William of Orange overthrew his father-in-law and took the throne jointly with his wife Mary after a group of English notables invited him to protect the country’s liberties, but he acted primarily from a concern James would side with Louis XIV against a coalition formed to block French hegemony in Europe. Drawing England into that struggle in 1689 began an extended conflict known as the Second Hundred Years War that lasted on and off until Waterloo in 1815, albeit with an extended pause from 1714 to the late 1730s. William III’s reign saw the beginnings of a British fiscal military state with a national debt serviced by parliamentary taxation to finance and administer the fleet and army it required.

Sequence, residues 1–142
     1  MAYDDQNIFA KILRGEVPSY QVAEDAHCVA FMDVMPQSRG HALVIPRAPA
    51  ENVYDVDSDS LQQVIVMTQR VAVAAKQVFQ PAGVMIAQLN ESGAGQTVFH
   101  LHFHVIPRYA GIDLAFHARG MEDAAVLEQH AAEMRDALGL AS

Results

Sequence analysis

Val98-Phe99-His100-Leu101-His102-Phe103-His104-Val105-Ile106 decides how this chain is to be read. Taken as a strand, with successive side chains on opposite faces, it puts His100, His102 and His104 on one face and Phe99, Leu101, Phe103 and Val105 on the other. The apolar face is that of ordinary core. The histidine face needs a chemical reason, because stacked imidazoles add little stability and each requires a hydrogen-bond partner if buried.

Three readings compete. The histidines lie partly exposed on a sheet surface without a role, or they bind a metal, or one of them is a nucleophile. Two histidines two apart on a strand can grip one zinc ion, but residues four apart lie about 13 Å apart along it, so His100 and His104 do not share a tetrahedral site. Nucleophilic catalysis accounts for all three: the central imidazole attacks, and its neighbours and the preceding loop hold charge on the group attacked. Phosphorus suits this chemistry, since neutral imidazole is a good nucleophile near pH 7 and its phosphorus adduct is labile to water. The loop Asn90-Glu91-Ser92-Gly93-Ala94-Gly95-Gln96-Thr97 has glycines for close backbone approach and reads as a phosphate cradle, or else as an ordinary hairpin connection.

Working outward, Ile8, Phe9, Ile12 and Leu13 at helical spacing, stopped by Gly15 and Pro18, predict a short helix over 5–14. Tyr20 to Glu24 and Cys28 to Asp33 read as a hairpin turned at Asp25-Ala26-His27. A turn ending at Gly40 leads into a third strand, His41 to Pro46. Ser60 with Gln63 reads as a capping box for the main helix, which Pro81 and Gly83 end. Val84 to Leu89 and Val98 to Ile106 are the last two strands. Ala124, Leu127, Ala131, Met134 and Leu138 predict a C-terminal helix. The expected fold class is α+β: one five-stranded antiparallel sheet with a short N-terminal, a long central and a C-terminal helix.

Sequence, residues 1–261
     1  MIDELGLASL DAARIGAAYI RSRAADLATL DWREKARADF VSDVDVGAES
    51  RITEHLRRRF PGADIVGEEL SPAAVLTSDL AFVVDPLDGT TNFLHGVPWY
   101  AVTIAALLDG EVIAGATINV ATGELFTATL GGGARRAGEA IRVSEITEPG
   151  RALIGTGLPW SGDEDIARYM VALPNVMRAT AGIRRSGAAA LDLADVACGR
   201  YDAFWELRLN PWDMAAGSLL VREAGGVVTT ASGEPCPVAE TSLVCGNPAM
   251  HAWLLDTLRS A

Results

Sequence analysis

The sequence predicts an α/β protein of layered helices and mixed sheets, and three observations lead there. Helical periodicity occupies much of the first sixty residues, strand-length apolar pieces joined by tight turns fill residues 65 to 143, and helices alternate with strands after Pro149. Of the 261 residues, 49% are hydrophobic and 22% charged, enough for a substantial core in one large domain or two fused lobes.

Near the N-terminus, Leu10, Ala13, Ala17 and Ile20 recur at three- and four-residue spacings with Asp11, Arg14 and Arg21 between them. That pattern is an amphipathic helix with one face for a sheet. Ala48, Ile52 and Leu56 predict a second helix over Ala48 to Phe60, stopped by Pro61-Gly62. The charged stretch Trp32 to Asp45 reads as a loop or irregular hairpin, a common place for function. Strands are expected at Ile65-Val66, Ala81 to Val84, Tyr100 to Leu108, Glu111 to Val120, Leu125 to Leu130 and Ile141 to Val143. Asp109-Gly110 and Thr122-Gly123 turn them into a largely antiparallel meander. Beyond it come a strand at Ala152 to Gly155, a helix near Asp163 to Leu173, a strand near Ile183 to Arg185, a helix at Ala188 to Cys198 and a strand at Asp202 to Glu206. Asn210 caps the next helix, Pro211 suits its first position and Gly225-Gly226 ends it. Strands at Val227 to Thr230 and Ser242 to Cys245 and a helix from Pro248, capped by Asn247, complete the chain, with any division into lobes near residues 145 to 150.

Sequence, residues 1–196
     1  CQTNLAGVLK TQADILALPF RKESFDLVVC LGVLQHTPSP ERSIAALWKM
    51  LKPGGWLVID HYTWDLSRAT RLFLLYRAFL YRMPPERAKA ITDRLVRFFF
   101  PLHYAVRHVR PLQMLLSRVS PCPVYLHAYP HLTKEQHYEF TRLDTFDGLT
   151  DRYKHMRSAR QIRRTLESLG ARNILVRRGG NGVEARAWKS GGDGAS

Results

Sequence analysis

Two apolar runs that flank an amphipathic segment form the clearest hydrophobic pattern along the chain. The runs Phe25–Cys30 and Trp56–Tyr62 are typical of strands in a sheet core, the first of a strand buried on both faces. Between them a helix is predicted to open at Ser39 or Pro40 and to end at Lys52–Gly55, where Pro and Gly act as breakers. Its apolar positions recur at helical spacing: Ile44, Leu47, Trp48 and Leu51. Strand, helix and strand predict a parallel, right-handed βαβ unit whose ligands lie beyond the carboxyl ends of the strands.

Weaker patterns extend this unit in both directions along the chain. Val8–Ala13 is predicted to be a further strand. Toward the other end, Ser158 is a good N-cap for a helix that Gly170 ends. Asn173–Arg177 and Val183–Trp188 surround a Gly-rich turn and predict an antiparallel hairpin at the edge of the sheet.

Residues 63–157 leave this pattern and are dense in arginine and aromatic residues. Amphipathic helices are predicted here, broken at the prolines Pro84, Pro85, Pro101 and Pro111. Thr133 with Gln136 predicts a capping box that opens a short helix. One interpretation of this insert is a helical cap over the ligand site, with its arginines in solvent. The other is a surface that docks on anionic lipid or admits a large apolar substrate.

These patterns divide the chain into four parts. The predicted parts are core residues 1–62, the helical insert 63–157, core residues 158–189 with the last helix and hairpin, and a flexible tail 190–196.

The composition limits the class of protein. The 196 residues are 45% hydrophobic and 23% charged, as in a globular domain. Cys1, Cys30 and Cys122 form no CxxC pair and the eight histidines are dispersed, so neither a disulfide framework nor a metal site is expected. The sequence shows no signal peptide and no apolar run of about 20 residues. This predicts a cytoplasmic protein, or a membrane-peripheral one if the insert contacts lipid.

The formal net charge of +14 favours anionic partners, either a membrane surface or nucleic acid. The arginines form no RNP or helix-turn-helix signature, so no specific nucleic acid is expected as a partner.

When fighting in the Nine Years War (1688-1697) reached a stalemate, William III and his allies negotiated the Treaty of Ryswick with France to end it. The peace left underlying issues unsettled and renewed conflict likely. William accordingly sought to keep almost 90,000 veteran troops as a peacetime force. A coalition of Tories and radical or Old Whigs formed against plans for a standing army. They found enough support that parliament refused the king’s request and cut troop numbers to their level at the end of Charles II’s reign. Popular prejudice against standing armies, a term Womersley dates in English to Richard Knolles’ use in 1603, made prudential arguments for keeping a professional force in being unavailing.
Balancing Liberty and Security